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BizSense Beat: Nov. 17, 2023

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BizSense Beat is a weekly collaboration between VPM News and Richmond BizSense that brings you the top business stories during NPR's Morning Edition on Fridays.

Here’s a recap of the top stories for the week of Nov. 17, 2023:

JLARC OKs VCU Health review in light of failed downtown project
Reported by Richmond Bizsense’s Jonathan Spiers

VCU Health’s costly exit from an ill-fated downtown development project is set to get a closer look from officials on both the state and federal level.

On Monday, the Joint Legislative Audit & Review Commission, the oversight agency of the Virginia General Assembly, included the health system among topics it approved for in-depth study in the coming year.

The study will focus primarily on VCU Health’s governance structure in light of the aborted redevelopmentof Richmond’s old Public Safety Building that required the health system to pay $73 million to exit, along with ongoing costs that continue to add up.

The $100M question: Why was doomed VCU Health development’s loan amount so high?
Reported by Richmond Bizsense’s Jonathan Spiers

The disclosure this spring that VCU Health System had to pay $73 million to back out of a costly downtown development project revealed another financial detail that has kept some observers scratching their heads.

When the health system released, in response to Freedom of Information Act requests from Richmond BizSense, its so-called defeasance agreement with the project’s capital providers that wound down the development and stipulated the payment, it also revealed an additional, previously unknown and eye-catching number: $425 million.

That was the amount of the loan that was secured to finance the redevelopment of the city’s old Public Safety Building, even though the proposed multi-building high-rise office complex that VCU Health was to anchor had been budgeted to cost no more than $325 million.

That $100 million difference has drawn scrutiny from some real estate professionals who have experience with such deals.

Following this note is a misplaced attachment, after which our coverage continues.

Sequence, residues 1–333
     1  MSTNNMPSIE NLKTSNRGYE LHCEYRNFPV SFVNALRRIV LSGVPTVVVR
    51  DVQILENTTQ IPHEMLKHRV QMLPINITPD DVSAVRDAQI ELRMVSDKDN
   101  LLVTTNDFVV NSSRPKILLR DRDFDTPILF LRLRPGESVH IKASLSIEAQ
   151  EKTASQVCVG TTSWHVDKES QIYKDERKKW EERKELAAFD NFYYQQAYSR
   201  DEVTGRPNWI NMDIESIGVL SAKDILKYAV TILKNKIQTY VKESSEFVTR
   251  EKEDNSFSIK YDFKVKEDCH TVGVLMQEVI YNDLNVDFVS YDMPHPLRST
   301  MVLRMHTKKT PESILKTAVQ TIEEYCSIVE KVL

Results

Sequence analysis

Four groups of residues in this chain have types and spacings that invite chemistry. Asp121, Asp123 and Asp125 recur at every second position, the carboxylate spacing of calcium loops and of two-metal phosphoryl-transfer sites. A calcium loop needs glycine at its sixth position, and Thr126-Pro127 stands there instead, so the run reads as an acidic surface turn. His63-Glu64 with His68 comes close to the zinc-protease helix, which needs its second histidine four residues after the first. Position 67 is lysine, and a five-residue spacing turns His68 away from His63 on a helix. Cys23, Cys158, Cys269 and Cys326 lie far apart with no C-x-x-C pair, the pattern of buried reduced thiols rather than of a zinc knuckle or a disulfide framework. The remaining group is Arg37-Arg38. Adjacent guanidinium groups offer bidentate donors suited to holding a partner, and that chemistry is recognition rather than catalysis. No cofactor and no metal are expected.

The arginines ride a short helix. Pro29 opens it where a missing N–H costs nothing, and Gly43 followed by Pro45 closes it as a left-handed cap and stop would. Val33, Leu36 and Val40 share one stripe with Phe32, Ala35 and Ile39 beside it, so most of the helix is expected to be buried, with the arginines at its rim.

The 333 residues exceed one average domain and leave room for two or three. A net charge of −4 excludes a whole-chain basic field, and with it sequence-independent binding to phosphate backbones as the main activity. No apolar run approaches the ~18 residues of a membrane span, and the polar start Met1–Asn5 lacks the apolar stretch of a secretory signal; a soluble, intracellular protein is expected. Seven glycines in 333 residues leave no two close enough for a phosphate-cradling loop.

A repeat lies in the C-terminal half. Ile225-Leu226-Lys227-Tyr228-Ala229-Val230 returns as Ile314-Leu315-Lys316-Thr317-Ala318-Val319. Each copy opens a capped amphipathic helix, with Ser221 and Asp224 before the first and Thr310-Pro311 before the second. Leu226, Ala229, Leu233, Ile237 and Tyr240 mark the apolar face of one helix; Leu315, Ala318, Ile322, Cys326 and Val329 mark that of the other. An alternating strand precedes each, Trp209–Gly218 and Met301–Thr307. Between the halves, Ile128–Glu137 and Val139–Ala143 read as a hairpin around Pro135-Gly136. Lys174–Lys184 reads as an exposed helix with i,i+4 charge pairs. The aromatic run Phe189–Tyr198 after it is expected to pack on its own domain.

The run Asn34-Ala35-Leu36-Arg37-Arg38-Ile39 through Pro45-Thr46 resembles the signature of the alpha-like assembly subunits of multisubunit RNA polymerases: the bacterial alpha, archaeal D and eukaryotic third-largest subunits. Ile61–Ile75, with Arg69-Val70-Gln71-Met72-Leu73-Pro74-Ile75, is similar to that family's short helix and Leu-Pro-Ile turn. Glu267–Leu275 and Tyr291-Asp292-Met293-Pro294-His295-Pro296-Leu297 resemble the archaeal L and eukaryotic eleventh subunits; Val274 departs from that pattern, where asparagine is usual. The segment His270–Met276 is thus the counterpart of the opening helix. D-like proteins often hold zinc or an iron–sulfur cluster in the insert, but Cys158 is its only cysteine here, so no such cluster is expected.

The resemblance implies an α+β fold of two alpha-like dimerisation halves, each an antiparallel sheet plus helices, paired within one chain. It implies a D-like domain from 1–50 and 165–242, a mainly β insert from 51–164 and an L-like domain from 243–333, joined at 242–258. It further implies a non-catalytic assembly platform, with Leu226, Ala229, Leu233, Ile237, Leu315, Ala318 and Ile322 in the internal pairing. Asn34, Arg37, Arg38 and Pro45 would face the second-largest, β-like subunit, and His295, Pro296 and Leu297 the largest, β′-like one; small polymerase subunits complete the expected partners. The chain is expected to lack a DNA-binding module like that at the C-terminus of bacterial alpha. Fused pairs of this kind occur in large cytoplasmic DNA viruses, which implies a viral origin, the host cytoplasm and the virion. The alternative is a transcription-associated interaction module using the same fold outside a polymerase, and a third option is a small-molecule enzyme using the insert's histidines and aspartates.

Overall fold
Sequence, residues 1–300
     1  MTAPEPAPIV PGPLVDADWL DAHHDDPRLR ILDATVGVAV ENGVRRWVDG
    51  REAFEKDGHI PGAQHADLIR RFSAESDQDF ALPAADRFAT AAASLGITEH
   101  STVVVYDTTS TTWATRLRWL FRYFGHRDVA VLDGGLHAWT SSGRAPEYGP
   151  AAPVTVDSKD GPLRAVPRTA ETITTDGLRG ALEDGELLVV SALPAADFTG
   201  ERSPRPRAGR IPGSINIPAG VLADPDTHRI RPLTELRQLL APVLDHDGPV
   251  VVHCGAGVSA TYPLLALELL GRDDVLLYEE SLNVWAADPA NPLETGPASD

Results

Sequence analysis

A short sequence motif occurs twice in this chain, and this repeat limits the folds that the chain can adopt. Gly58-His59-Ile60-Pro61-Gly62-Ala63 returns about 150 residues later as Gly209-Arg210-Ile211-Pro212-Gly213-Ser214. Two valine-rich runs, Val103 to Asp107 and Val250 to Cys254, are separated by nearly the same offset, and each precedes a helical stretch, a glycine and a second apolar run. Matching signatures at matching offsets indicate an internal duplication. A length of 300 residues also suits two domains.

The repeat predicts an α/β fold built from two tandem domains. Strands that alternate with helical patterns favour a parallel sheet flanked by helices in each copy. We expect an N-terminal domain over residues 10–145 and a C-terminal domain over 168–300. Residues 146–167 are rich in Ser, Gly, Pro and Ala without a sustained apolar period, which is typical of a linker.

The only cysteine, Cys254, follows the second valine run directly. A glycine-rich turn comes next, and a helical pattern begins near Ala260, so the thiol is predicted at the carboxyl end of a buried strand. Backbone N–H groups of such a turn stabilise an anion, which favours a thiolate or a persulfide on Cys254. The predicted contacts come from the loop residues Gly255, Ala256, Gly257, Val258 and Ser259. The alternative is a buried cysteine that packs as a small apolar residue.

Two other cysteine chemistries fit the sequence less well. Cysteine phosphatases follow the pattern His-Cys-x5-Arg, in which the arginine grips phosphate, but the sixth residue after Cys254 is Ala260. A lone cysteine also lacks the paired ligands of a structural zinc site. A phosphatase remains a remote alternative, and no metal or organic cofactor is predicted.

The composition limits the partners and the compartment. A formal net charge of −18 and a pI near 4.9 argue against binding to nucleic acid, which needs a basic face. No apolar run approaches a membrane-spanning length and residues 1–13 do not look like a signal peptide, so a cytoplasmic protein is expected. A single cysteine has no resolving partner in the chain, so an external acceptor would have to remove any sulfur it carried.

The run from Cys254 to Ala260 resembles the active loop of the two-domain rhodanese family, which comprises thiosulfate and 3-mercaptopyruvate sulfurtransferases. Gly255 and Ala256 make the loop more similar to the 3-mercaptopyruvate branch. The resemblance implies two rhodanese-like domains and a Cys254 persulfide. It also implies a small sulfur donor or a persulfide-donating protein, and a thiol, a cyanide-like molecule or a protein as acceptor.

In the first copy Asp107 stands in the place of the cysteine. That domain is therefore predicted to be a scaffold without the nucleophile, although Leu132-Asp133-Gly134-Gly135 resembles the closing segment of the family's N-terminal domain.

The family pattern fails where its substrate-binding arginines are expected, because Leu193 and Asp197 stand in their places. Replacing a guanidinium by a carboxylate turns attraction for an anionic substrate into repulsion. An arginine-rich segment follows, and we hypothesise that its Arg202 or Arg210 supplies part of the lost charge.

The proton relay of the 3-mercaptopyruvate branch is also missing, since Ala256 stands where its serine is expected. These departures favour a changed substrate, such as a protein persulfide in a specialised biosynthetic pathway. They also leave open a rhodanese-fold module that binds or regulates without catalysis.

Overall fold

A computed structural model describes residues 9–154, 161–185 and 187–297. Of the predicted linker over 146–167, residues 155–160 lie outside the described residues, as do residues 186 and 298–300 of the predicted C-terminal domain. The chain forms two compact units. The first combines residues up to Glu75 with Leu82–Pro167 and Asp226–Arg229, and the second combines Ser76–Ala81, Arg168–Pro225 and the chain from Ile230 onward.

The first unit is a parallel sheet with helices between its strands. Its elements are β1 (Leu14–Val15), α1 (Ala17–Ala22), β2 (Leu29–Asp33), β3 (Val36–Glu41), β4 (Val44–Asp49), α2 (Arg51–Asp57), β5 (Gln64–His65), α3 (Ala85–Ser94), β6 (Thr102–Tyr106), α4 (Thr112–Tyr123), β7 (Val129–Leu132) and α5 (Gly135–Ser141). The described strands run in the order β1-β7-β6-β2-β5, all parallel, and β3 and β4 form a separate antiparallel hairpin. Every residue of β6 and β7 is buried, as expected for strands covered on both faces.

Kinsale looks to transform corner of Staples Mill and Broad with massive development
Reported by Richmond Bizsense’s Mike Platania

It turns out that Kinsale Capital Group is planning more than just an office renovation on the land it owns near Willow Lawn.

The publicly traded specialty insurance company led by CEO Michael Kehoe, with the help of Marchetti Development, is planning a $450 million redevelopment of the former Anthem Inc. campus at the northeast corner of West Broad Street and Staples Mill Road.

According to documents filed in Henrico County, they’re looking to build nearly a million square feet of new construction on the 29-acre plot, with plans for 692 apartments, a 147-room hotel, more than 350,000 square feet of new office space and over 32,000 square feet of street-level retail.

Kinsale and Marchetti Development, a local firm led by father-son duo Joe Marchetti Jr. and Joe Marchetti III, are seeking a provisional-use permit to green-light the project. Their request was heard at the Henrico Planning Commission meeting Thursday night, where the commission unanimously recommended approval.

Castleburg Brewery tapping out after nearly 8 years in business
Reported by Richmond Bizsense’s Mike Platania

Another Richmond brewery is closing its doors.

Castleburg Brewery and Taproom is preparing to cease operations next month at 1626 Ownby Lane after nearly eight years in business.

Owner Karl Homburg said rising costs, namely rent, led him to the decision to close. He said he was set to renew Castleburg’s lease at the end of the year when he got a notice that his rent would be going up 80 percent.

Castlesburg is one of the region’s smaller breweries, operating in about 4,200 square feet in a strip center down the road from Hardywood Park Craft Brewery’s original location.

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